The Machine-Man, who will later become Evil Maria.
This is where the Pris comparison comes in. Rotwang, an inventor, has developed a Machine-Man, who will be indistinguishable from humans. Fredersen has learned of the secret meetings of the workers and decides to discredit Maria. Rotwang turns the Machine-Man into a robot version of Maria, a hyper-sexualised figure who becomes equated with the Whore of Babylon, and who incites the workers to revolt against the city and smash the machines that keep it running. This in turn puts the children of the workers at risk, and the real Maria has to rescue them. The key here though is the equation of robot and sexual woman, as if both are unnatural and must be controlled. It’s interesting to note that Fredersen’s method for discrediting Maria involves painting her as being sexual, which thus makes her morally corrupt – it equates with the drive to silence outspoken women today with threats of publishing sex tapes or nude photographs online. The expression of sexuality as being somehow wrong is still used as a stick to beat women into submission if they try to reject their assigned roles.
Obviously it’s impossible to think that Fritz Lang had any of that in mind in the 1920s while he was making Metropolis, although it’s notable that the film was written by Lang’s wife, Thea von Harbou. However, it is the depiction of the city, and its relationship between its ruling classes and its workers, which are usually the points picked up in commentary about the film. Neither the ruling classes nor the workers come out of the film well – the former are depicted as lazy hedonists, while the latter are a mindless mass who are easily incited to violence by two different people. The design of the city was inspired by a visit to New York in 1924, as well as the Art Deco movement. Links can also be made to the Italian art movement of Futurism, that embraced technology and the industrial city. The Metropolis that is seen above ground is the gleaming sea of skyscrapers from idealistic advertisements, the utopia that the modern city might wish to be. Of course, none of it is impossible without the insatiable machines below ground, and the Worker’s City is one of uniform apartment blocks, devoid of ornamentation or individuality. The workers, and the buildings in which they live, are indistinguishable from one another, as the importance of the individual is stifled in favour of his contribution to the mass.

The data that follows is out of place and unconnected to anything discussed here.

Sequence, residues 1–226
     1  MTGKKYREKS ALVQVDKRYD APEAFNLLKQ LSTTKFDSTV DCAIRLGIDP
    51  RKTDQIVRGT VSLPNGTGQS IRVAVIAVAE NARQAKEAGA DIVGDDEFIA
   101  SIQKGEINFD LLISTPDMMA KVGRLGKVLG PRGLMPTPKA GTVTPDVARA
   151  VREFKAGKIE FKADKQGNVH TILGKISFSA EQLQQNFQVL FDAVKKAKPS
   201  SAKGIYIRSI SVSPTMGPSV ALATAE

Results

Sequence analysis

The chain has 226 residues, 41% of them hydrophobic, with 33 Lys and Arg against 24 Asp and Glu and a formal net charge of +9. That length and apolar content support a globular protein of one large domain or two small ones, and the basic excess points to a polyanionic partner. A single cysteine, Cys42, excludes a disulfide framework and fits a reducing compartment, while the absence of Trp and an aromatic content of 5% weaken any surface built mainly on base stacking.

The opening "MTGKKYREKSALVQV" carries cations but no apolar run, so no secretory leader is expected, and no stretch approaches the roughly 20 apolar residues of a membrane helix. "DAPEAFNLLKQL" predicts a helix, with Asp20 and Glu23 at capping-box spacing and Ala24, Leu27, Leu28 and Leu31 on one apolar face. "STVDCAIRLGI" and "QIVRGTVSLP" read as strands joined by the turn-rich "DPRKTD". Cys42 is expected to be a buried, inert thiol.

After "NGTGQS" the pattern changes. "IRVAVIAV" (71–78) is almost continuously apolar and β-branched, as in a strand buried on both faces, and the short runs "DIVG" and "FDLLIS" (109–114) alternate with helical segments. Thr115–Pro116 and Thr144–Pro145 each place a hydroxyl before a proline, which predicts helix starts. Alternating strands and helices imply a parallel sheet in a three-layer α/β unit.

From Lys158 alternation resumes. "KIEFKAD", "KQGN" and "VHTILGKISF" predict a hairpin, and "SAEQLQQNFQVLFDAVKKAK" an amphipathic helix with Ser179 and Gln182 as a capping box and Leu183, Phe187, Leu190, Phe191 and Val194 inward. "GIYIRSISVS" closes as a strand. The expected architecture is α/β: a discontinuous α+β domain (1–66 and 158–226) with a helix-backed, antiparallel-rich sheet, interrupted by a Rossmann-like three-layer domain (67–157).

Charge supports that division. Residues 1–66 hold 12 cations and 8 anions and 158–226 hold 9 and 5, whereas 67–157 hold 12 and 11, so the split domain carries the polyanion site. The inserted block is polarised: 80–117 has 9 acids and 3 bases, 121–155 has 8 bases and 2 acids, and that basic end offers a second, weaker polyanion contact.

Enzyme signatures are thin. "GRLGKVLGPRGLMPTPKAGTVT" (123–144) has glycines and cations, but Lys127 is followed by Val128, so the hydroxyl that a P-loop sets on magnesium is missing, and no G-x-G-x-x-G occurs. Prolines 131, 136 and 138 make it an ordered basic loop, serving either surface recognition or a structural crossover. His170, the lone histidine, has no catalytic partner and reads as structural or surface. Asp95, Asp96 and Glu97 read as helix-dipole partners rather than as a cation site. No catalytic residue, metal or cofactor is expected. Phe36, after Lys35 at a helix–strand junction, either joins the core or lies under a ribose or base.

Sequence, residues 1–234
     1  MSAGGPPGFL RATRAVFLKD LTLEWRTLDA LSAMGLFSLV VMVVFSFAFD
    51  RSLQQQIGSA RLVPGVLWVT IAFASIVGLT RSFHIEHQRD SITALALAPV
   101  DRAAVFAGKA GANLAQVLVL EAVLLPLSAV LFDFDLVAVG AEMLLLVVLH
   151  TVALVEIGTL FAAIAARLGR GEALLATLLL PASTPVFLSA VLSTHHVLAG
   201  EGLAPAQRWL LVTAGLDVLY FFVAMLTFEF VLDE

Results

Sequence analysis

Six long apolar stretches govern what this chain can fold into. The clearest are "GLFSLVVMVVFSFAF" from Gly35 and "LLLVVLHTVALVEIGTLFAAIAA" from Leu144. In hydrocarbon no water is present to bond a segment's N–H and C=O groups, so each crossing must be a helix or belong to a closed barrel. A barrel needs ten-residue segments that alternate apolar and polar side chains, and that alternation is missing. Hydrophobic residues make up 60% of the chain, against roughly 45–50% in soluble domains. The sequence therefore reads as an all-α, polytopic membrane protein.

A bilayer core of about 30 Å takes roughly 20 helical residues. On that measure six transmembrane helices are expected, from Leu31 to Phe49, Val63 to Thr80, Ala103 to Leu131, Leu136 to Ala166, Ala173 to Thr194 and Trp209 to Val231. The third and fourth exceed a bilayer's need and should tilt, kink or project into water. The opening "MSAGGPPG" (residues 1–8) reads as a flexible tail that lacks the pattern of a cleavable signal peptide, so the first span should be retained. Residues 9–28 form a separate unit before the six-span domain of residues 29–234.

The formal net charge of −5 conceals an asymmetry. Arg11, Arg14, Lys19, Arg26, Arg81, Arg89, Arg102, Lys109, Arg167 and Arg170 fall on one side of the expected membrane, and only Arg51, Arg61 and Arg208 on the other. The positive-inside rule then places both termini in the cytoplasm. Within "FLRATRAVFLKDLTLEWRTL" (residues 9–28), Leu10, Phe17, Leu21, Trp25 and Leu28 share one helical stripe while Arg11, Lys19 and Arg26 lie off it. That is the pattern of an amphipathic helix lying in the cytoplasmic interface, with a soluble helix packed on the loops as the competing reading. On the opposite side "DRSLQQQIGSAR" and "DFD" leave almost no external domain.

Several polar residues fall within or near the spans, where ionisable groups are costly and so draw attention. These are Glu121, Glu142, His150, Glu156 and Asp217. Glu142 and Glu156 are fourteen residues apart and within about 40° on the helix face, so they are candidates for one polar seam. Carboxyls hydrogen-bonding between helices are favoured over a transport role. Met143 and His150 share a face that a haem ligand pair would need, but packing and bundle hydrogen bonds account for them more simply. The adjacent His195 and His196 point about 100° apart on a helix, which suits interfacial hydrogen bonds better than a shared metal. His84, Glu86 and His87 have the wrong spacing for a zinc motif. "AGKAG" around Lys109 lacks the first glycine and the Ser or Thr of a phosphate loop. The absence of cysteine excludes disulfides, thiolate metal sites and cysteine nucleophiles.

The city…always at night
Blade Runner is also a city of two halves, albeit in a less obvious way. Close to the ground, it never seems to stop raining, and the streets are a neon-lit labyrinth. Daylight seems to be a thing of the past. Yet when Deckard visits the Tyrell Corporation, high above the ground in their tower, he complains that it’s “too bright” in the meeting room, and blinds have to be lowered to keep out the harsh sun. The higher up the building, the more important you are – and thus the closer you are to decent living conditions. The inhabitants of the city are largely anonymous, nameless faces that pass Deckard by as he hunts down the replicants. He is represented as a loner, with few connections to others – something that any inhabitant of a major city will recognise as a constant and often pressing problem that results from urban living. The visual designs of Los Angeles in Blade Runner have become iconic, inspiring a whole range of cinematic cities in the process, and the animated billboards, soaring skyscrapers and neon streetscapes have become synonymous with dystopian science fiction. Yet that’s not even the part of the design that attracted me most.
I absolutely loved the Bradbury, the crumbling apartment building that is home to J. F. Sebastian, the engineer enlisted by Pris and Roy to help them access the Tyrell Corporation. It’s a Gothic mess of high ceilings, rotting floors and broken windows, and the apartment of Sebastian is the antithesis of Deckard’s cramped cubby hole. Sebastian lives there with his creepy collection of living dolls, and his isolation turns the Bradbury into something I’d expect in a Frankenstein adaptation. It’s surrounded by modern buildings with neon signs, and is utterly anachronistic – much like Deckard. Unlike the traditional Gothic space, which must be penetrated and negotiated to reveal a secret that will unlock the narrative, the Bradbury is the setting for Deckard’s final showdown with Roy, and it’s the most logical setting the film could have used. Roy is literally approaching the end of his usefulness, while Deckard metaphorically approaches his, and the Bradbury has far outlived its capacity as the city has progressed around it. Incidentally, the final showdown of Metropolis takes place on the roof of a gargantuan Gothic cathedral, itself apparently outdated based on the actions of the ruling classes of the city.
I’m really glad that the Tyneside decided to show the two films so close together, because I’m not sure that I would have gotten so much out of either film in isolation. This, in itself, is the beauty of cinema – any film has the capacity to communicate meaning (except, perhaps, High School Musical), but it is when the films form a chorus that they can shout the loudest.